Drax highlighted a 2016 report by the Energy Technology Institute which suggested that by the 2050s BECCS could deliver roughly 55 million tonnes of net negative emissions a year in the UK, which equate to approximately half of the nation’s emissions reduction target.

The technology is regarded as critical to global decarbonization efforts by some experts, who argue that with some emissions from sectors like industry and aviation likely to continue deep into the second half of the century negative emissions technologies will be key to meeting the Paris Agreement goal of building a net zero emission economy. The UK, the EU, and a number of other countries are currently considering formal net zero emission targets and BECCS technology is seen as having a key role to play in meeting any new goals.

Chris Rayner, founder of C-Capture and Professor of Organic Chemistry at the University of Leeds, said his firm had developed "fundamentally new chemistry" which he said was suitable for capturing the carbon produced from bioenergy processes.

"The key part is now to move it from our own facilities and into the real world at Drax," Rayner explained. "Through the pilot scheme we aim to demonstrate that the technology we’ve developed is a cost-effective way to achieve one of the holy grails of CO2 emissions strategies – negative emissions in power production, which is where we believe the potential CO2 emissions reductions are likely to be the greatest."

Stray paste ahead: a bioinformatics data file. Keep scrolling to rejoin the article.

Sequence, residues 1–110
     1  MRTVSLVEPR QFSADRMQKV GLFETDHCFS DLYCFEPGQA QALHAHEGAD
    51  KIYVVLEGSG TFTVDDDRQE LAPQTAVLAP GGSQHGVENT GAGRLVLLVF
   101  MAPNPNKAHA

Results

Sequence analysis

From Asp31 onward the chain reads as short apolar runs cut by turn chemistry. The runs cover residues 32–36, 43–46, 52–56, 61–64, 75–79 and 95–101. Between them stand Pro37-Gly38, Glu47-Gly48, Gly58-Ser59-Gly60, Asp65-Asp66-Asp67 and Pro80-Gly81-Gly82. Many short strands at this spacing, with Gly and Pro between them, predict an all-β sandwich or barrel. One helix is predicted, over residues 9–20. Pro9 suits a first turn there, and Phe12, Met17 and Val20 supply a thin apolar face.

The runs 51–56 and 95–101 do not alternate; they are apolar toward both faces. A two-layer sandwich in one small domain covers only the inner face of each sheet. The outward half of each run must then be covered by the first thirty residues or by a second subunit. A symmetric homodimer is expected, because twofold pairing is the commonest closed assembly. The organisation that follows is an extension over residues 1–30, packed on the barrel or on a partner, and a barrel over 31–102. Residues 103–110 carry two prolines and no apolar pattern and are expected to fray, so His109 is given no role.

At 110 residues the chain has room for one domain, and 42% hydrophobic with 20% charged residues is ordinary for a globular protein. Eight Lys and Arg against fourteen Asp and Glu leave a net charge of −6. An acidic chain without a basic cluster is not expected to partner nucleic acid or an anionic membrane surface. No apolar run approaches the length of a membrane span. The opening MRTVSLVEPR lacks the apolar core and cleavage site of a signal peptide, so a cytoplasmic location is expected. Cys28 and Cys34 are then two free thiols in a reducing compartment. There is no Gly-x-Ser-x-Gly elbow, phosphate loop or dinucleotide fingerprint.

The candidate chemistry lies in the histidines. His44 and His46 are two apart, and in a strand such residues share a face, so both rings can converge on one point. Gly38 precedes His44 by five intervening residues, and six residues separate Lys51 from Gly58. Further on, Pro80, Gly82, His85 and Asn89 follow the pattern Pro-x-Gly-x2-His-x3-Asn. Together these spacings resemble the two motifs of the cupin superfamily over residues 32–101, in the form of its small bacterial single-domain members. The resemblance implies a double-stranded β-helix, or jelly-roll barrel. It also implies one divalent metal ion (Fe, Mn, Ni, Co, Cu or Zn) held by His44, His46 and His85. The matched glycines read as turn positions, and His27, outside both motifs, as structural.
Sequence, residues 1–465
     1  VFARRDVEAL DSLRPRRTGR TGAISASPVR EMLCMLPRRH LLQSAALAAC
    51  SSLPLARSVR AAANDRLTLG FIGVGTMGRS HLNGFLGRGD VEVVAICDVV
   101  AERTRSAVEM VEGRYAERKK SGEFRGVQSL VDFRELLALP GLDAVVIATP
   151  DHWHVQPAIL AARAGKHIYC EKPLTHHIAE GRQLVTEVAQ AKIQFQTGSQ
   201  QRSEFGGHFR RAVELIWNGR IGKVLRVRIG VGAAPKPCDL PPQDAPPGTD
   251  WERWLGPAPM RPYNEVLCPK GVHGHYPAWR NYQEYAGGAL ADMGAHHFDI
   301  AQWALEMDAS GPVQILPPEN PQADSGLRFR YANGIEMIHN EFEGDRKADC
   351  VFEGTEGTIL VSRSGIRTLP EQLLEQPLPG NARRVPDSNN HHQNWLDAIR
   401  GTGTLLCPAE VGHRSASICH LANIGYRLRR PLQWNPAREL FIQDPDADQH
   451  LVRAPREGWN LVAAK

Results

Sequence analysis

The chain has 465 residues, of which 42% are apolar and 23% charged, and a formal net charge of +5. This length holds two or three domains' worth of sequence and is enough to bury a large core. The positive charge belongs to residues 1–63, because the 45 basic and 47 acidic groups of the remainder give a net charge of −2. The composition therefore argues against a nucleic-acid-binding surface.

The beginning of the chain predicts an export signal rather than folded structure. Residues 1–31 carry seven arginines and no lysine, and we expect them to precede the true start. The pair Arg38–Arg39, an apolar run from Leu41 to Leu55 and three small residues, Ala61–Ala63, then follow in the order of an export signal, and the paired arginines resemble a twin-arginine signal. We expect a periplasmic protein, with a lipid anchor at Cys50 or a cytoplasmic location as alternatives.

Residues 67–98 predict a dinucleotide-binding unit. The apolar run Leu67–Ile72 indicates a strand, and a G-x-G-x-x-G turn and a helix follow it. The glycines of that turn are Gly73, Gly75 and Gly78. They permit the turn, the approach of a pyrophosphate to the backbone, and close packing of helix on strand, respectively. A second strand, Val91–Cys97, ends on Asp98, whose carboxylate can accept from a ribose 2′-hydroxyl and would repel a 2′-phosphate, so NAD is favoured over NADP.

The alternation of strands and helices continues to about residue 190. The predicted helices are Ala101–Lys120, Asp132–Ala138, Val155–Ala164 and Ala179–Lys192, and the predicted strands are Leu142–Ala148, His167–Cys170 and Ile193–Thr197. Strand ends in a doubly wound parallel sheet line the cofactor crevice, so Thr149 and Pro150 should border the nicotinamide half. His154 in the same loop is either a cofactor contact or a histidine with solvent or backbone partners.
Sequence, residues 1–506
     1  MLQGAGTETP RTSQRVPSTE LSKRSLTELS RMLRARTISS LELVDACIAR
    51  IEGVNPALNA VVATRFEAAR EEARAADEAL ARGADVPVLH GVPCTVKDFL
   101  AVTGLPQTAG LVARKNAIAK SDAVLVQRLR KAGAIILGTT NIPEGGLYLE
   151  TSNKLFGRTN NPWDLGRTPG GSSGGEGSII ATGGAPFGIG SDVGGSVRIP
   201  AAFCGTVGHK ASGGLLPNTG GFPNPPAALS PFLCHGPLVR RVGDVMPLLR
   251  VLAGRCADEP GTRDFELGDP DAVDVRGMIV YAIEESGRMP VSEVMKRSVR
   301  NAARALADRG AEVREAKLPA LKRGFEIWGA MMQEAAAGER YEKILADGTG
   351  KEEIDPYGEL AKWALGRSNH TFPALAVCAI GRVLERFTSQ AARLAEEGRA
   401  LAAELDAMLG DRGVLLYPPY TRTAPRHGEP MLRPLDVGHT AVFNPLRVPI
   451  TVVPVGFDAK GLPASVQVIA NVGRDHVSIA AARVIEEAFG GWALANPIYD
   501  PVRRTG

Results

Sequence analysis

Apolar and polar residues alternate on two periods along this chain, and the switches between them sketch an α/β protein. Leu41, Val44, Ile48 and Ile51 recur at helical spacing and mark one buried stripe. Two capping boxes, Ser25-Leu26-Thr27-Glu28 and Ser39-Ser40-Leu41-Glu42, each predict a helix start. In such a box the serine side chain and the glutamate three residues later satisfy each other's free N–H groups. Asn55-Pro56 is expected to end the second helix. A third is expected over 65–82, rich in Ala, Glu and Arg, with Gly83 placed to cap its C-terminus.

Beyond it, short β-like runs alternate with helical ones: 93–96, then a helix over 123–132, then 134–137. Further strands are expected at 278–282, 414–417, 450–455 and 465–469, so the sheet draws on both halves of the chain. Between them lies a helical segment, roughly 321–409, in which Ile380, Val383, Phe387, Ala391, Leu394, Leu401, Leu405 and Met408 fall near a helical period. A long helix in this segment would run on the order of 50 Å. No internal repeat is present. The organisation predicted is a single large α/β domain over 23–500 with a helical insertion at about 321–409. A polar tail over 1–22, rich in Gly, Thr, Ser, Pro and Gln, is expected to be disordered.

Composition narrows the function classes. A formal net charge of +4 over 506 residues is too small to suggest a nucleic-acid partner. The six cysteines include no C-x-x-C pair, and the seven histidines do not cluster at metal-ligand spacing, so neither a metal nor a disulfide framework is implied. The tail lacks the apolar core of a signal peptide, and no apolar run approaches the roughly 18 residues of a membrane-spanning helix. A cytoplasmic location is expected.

The marks another steop forward for the still nascent global CCS sector, after the Norwegian government last week announced further funding in support of plans to deliver a fully operational carbon capture, transport, and storage chain by 2022.

Dr. Luke Warren, chief executive of UK trade body the Carbon Capture and Storage Association (CCSA), said the Drax project marked an "important step forward" for the technology and the prospects of delivering negative emissions. "It is clear that negative emissions are likely to be needed if we are to deliver on UK and global climate change goals," he said. "The UK government is currently developing a CCUS Deployment Pathway, which is due to be published by the end of this year. It will be important to ensure that BECCS is part of this pathway alongside the development of CCUS to reduce existing emissions from industry, heat, power and transport."

With three coal units still in operation, Drax Power Station remains one of the UK’s single biggest contributors to greenhouse gases, while its reliance on biomass has drawn criticism from some green groups who question the sustainability credentials of wood-based feedstocks. However, with negative emissions technologies likely to have a critical role to play if the world is to meet the goals agreed to in the Paris Agreement this trial could represent a globaly significant breakthrough.

It remains to be seen whether the BECCS pilot proves successful. But if it does, it may spur the company – and other operators around the world – to turn the coal plants that helped drive the climate crisis into the negative emissions facilities that must just play a key role in resolving it.

(L-R) Jason Shipstone, head of R&D at Drax Group; Caspar Schoolderman, director of engineering at C-Capture; Andy Koss, CEO Drax Power; Prof. Christopher Rayner, technical director at C-Capture; Carl Clayton, research and innovation engineer at Drax Group.